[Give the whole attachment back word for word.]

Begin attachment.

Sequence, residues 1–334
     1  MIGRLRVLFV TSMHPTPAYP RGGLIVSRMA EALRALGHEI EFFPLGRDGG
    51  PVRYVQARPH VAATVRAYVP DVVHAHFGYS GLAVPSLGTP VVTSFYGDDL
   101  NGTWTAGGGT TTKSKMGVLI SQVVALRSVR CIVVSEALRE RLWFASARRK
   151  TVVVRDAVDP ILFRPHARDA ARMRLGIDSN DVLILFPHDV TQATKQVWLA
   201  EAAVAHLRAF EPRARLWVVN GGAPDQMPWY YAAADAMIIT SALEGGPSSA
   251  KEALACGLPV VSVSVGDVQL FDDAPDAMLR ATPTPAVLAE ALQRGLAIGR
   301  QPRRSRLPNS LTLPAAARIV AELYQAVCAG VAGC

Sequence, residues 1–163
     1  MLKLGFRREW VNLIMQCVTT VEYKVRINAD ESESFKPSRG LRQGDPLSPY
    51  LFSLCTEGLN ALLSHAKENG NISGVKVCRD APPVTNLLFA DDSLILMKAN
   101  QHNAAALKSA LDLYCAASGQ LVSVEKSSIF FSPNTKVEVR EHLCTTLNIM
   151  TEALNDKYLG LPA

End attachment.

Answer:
Sequence, residues 1–334
     1  MIGRLRVLFV TSMHPTPAYP RGGLIVSRMA EALRALGHEI EFFPLGRDGG
    51  PVRYVQARPH VAATVRAYVP DVVHAHFGYS GLAVPSLGTP VVTSFYGDDL
   101  NGTWTAGGGT TTKSKMGVLI SQVVALRSVR CIVVSEALRE RLWFASARRK
   151  TVVVRDAVDP ILFRPHARDA ARMRLGIDSN DVLILFPHDV TQATKQVWLA
   201  EAAVAHLRAF EPRARLWVVN GGAPDQMPWY YAAADAMIIT SALEGGPSSA
   251  KEALACGLPV VSVSVGDVQL FDDAPDAMLR ATPTPAVLAE ALQRGLAIGR
   301  QPRRSRLPNS LTLPAAARIV AELYQAVCAG VAGC

Sequence, residues 1–163
     1  MLKLGFRREW VNLIMQCVTT VEYKVRINAD ESESFKPSRG LRQGDPLSPY
    51  LFSLCTEGLN ALLSHAKENG NISGVKVCRD APPVTNLLFA DDSLILMKAN
   101  QHNAAALKSA LDLYCAASGQ LVSVEKSSIF FSPNTKVEVR EHLCTTLNIM
   151  TEALNDKYLG LPA